Ball v. State

Annotate this Case

289 S.W.2d 926 (1956)

Robert Edward BALL, Appellant, v. The STATE of Texas, Appellee.

No. 28217.

Court of Criminal Appeals of Texas.

April 11, 1956.

Harris E. Lofthus, Amarillo, for appellant.

Leon B. Douglas, State's Atty., Austin, for the State.

BELCHER, Commissioner.

Appellant was convicted of fondling a child under Art. 535d, Vernon's Ann.P.C., and his punishment was assessed at 25 years in the penitentiary.

The state's witness, Gloria Lozano, testified that she was eleven years of age; that on May 13, 1954, she went to spend the night with Peggy Hornbeck, age 10, whose mother was not at home that night; and that the appellant came to Peggy's house and after a short time they went in appellant's car, all riding in the front seat, to a drive-in picture show. She further testified that after they got some popcorn Peggy was sitting on appellant's lap and she was sitting by the door; that he kept moving over toward her and he soon placed his arm around her, raised up her dress and slip, and pulled down her panties, and put his hand on her leg and on her privates; and that she and Peggy soon went to the concession stand where she talked with the manager who called the officers.

The manager of the drive-in picture show testified that on May 13, 1954, Gloria Lozano "somewhere between eight and nine o'clockthe little girl came in the *927 concession stand, and she was nervous and crying, and said the man in the car wouldn't leave her alone", and that he then called the officers.

Appellant did not testify but introduced in evidence the second paragraph of a written statement made to the district attorney on May 17, 1954, which reads as follows:

"Now I want to tell about the picture show Thursday night May 13, 1954, when I took Peggy Hornbeck and Gloria Lozano to the Skyway Drive-Inn in Amarillo, Texas. We were watching the show and both of the girls had been out of the car several times to go to the concession stand, and they were both back in the car. Peggy was sitting in my lap and Gloria was sitting beside me and I had my arms around both of them. I may have touched her on the leg or hip. Then both of them got out of the car and I don't know why. I waited and waited on them and the next thing that I know is that the deputy sheriff came to the car and arrested me. I never physically harmed either of the girls. This is all that I have to say about either of the girls."

After appellant introduced in evidence the second paragraph in said statement, the state offered in evidence the remainder of said written statement which is Paragraph No. 1. Appellant objected thereto on the ground that "it tends to prejudice the defendant and is an attempt to convict him by the introduction of evidence of an extraneous offense; we say it is absolutely immaterial to this prosecution and highly prejudicial to this defendant." The court stated that it would be admitted for "the limited purpose as bearing on intent", and to which appellant excepted.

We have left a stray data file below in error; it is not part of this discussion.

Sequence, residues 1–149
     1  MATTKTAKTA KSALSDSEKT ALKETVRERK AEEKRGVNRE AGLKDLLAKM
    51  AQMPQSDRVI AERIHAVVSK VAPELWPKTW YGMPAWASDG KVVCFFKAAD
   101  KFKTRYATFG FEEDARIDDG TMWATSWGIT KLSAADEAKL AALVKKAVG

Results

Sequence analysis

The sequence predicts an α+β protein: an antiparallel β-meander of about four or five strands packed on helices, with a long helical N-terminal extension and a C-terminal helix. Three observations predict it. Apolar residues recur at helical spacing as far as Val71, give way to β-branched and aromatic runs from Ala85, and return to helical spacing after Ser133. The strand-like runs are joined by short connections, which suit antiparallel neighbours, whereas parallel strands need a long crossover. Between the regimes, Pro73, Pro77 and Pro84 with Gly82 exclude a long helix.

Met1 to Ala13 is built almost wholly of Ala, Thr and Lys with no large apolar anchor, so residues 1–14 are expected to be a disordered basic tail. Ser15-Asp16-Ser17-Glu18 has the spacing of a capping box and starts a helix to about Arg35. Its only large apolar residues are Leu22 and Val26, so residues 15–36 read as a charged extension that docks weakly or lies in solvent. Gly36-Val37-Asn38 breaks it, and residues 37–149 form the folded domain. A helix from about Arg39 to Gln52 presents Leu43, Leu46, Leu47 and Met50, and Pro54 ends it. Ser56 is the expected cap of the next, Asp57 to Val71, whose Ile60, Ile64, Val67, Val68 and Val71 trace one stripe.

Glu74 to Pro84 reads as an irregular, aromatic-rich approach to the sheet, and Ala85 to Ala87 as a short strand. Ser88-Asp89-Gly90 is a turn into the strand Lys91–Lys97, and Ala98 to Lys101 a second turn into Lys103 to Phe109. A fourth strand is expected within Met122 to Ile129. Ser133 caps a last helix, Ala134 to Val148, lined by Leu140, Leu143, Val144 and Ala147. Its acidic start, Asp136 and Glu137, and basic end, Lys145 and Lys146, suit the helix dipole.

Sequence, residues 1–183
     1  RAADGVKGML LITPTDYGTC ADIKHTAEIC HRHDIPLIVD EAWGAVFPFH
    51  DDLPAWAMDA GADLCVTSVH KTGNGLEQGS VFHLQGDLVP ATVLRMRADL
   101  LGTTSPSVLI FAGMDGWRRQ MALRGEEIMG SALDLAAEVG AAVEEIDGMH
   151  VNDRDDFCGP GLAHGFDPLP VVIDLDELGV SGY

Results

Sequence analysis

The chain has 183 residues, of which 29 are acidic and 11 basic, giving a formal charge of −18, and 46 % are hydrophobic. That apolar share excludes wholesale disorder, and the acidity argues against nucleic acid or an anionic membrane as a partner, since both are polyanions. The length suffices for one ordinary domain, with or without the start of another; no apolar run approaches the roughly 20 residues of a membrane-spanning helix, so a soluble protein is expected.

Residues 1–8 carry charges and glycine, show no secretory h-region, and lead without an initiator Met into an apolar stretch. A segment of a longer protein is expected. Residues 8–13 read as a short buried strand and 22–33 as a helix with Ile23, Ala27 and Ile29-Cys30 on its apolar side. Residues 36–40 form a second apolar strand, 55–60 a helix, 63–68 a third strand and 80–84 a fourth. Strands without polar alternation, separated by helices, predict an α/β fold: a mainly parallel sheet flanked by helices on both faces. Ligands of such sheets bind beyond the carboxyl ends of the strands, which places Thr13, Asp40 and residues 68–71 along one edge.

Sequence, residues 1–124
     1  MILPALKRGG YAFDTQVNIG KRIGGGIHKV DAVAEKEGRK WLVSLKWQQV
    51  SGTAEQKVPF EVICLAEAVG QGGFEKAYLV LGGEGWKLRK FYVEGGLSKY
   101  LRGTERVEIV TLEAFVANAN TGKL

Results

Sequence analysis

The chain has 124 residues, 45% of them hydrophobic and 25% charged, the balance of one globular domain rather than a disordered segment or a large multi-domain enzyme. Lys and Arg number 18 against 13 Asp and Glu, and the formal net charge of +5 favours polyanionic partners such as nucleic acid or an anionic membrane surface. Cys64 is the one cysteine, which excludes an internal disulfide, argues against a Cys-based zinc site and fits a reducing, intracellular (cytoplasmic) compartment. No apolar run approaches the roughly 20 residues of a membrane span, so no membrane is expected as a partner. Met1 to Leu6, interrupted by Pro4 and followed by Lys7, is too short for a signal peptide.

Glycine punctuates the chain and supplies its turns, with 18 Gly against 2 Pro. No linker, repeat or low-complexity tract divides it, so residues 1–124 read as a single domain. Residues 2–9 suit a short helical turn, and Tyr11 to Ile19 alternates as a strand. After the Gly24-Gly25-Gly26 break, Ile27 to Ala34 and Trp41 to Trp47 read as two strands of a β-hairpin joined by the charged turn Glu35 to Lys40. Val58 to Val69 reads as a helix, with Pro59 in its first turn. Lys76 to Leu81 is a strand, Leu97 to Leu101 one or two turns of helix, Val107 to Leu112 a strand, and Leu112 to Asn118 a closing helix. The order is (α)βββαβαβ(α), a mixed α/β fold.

The portion of said written statement introduced by the state reads:

"My name is Robert Edward Ball and I am 49 years of age. I room at the Navajo Lodge, Amarillo, Texas. I work for the Santa Fe Railroad. On or about May 1, 1954, I was baby sitting and watching television at Peggy Hornbeck's mother's house with Peggy Hornbeck at 1949 Roosevelt, Amarillo, Texas. We were watching television and I was drinking whiskey and we were playing and cutting up. By we, I mean me and Peggy Hornbeck. Peggy was sitting on my lap and playing with my prick. Peggy went into the bathroom and came back without her panties on and got back on my lap and I loved around with her a little more. I kissed her on the pussy and then I put my prick between her legs. I got my gun and that is all I have to say about that time."

Appellant strenuously insists that the trial court erred in permitting the state to introduce in evidence Paragraph 1 of appellant's written statement made to the district attorney on May 17, 1954, over his objection that "it tends to prejudice the defendant and is an attempt to convict him by the introduction of evidence of an extraneous offense" and is immaterial and highly prejudicial.

The facts related in Paragraph 1 of appellant's statement show his fondling of the sexual parts of Peggy Hornbeck while visiting Peggy's home, in the absence of her mother, on the evening of May 1, 1954, and his conduct at that time reveals that such acts were for the purpose of satisfying his lust or immoral sexual emotions.